Sunday, November 14, 2021

In the Field: Memories of a Small Town Boy


I spent half my youngest years in Kinston in eastern North Carolina. Farms filled the surrounding land. Two Civil War battles were fought at nearby Southwest Creek and Wyse Fork. (The South lost both.) A modern memorial downtown is dedicated to the CSS Neuse, an iron-clad Confederate navy ram constructed upstream near Seven Springs on the Neuse River, more than 60 miles of shallows and snags from the open waters at New Bern where the ship was intended to patrol, and scuttled to avoid capture before it could battle with the Union Army.

As the county seat, Kinston was the heart of the county, the destination market of the central coastal plains region, with merchants along the Magic Mile (think Kerouac’s chicken shacks on Queen Street) serving Lenoir County and beyond in the days before suburban malls eviscerated downtown commerce. Pearson’s Department Store, Stadium’s Men’s Store, Dupree’s Children’s Store, Oliver’s. Banks, furniture stores, pharmacies, the Courthouse, County Library, Parrott’s Feed and Seed, Lovick’s Diner with its world famous Dough Burger and dual entries, and Reynolds Seafood next door. Lester’s Hardware across from Jack Rider’s AM talk radio broadcasting on Herritage [sic] Street, the town’s very own version of Rush Limbaugh before Rush graduated high school with his conservative and vituperous monologue.

A tiny green building on West Gordon Street, half block from the river across from Happersville (Kinston’s own Sin City with gambling, bootleg liquor, non-tax paid cigarettes, drugs, and prostitutes along with a shooting or two each weekend), housed a dozen surf boards as Bert’s Surf Shop long before Bert expanded and became famous along the coast. Bert’s was named one of America’s oldest surf shops by Stab, an online magazine, in 2016.

Corn, cotton, soybeans, alfalfa. Tobacco country. Tobacco warehouses (intown, downtown, edge of town) as befitted a major auction market and, later, warehouses converted into textile mills. Just outside of town Dupont continuously expanded its largest polyester plant, the biggest in the world before fashion returned to cotton and natural fibers. Dupont hired chemists, scientists, and all manner of workers with college degrees. Kinston was a quiet town with quiet people, a kind of ex-urban utopia for the fifties, sixties, and seventies with real neighborhoods and residents who knew each other.

For all its appeal to many citizens, the town was mostly unremarkable, peaceful and boring. Peaceful and boring except for hunting season when some of us tried to shoot fast-flying doves skipping wildly and erratically across the skies over corn fields. I was never very good at shooting, but I enjoyed it. I liked being in a dusty corn field at the end of the day, the sun casting a golden glow over the early autumn trees along the field margins. I embraced the quiet of listening and scanning for incoming birds until the field erupted in gunfire, shotguns popping all around, shot raining into the leaves from the shooters across the field. Boots and hunting jackets. Heavy khaki double-layered britches to protect our thighs and bottoms from the ubiquitous briars along hedgerows. Camouflage was reserved for deer hunting out of tree stands.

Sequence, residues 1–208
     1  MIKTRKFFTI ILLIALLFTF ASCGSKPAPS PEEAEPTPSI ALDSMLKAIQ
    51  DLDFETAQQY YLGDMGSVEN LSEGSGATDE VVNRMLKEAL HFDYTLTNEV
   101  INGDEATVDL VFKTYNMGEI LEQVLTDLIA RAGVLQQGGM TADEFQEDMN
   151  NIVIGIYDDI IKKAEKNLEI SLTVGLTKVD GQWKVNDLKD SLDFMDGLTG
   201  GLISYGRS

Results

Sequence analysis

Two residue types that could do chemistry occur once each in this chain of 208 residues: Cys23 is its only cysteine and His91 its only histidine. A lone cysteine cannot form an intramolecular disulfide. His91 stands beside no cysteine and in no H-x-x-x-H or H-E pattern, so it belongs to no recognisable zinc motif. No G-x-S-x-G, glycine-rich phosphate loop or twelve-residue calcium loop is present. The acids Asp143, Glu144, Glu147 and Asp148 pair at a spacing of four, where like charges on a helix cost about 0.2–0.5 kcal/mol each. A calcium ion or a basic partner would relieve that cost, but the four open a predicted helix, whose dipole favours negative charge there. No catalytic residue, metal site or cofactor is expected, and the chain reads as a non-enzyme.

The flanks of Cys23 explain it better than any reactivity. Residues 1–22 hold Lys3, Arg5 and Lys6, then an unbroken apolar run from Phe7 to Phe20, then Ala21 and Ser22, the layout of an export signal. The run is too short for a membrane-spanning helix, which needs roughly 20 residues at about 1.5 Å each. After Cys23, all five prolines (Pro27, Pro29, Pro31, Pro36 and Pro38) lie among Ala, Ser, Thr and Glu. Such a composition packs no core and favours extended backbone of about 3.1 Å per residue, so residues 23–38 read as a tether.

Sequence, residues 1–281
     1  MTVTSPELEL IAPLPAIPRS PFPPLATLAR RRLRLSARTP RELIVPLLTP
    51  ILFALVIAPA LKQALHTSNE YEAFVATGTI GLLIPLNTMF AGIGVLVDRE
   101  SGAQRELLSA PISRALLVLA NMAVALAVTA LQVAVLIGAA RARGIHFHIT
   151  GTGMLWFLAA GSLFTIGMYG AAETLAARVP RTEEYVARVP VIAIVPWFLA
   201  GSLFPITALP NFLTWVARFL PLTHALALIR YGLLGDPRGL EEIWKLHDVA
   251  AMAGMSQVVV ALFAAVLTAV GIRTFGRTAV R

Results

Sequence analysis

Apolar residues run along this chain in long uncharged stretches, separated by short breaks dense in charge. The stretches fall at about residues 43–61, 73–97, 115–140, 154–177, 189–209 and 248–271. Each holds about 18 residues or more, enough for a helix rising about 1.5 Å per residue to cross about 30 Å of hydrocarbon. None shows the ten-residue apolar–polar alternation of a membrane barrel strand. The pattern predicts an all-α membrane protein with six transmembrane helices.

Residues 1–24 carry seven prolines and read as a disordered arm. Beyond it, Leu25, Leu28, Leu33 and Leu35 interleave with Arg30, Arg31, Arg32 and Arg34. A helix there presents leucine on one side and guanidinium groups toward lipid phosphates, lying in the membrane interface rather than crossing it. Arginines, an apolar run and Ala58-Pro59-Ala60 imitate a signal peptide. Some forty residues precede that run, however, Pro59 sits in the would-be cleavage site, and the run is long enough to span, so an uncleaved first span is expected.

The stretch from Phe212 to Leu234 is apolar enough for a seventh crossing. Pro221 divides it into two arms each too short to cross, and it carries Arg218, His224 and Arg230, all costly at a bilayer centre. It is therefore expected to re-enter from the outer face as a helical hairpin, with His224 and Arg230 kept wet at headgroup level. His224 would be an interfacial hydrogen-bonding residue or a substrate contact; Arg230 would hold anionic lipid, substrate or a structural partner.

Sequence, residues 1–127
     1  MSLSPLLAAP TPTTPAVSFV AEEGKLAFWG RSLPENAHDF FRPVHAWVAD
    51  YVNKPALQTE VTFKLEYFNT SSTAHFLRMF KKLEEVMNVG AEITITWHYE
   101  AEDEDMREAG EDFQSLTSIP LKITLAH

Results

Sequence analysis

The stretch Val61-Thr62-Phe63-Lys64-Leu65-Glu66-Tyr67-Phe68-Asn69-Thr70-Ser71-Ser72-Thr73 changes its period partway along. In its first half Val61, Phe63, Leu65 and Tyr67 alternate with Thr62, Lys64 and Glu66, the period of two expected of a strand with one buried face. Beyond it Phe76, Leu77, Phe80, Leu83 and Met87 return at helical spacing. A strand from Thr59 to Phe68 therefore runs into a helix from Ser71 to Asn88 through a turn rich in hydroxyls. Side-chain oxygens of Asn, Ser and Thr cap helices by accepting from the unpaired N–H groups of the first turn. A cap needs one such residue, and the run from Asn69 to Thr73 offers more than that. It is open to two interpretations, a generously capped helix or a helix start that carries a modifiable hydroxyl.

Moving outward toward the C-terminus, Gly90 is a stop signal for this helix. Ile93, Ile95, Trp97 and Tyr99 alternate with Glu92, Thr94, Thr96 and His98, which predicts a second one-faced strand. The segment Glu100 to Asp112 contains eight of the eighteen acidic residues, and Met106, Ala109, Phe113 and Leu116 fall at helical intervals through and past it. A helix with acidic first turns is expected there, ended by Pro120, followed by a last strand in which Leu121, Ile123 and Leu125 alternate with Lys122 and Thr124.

Most of all, it was great fun to carry a heavy shotgun. It was a lot of power for a young teenager. Carrying such weight also implied heavy responsibility, a responsibility not to kill or maim another person. To kill only the prey you sought -- doves during dove season, ducks during duck season. And not to kill anything other than what you aimed at and intended to kill. (No sniping at songbirds just because you were bored.) And to kill prey animals cleanly so they would not suffer. Included was the obligation to quickly dispatch any animal not cleanly shot. And, the easiest part, a responsibility to clean and eat what you killed.

When I returned home, I would be head-to-toe dirty, just-right tired and hungrier than usual. With any luck, I would have a game pocket full of birds and feathers with specks of blood sticking to the waterproofing. I would strip at the back door, peeling off hunting boots and sweaty socks, filthy britches and a smelly t-shirt, then do the same to the dusky gray feathers of the dead doves.

My first dove hunt was not auspicious. Along with my father and other sons and fathers, most of us Boy Scouts in the same troop, we took up our positions along the edge of the woods surrounding a corn field owned by a friend. We set up our folding chairs and stools and settled in to wait for the sun to sink lower and the birds to begin to feed for the evening. I did not have my own gun yet, so I was using my father’s Savage twelve gauge semiautomatic. It seemed as long as I was tall, a challenge for me to swing it up and follow for wing shots. In fact, I had never shot it before we settled in for the afternoon hunt.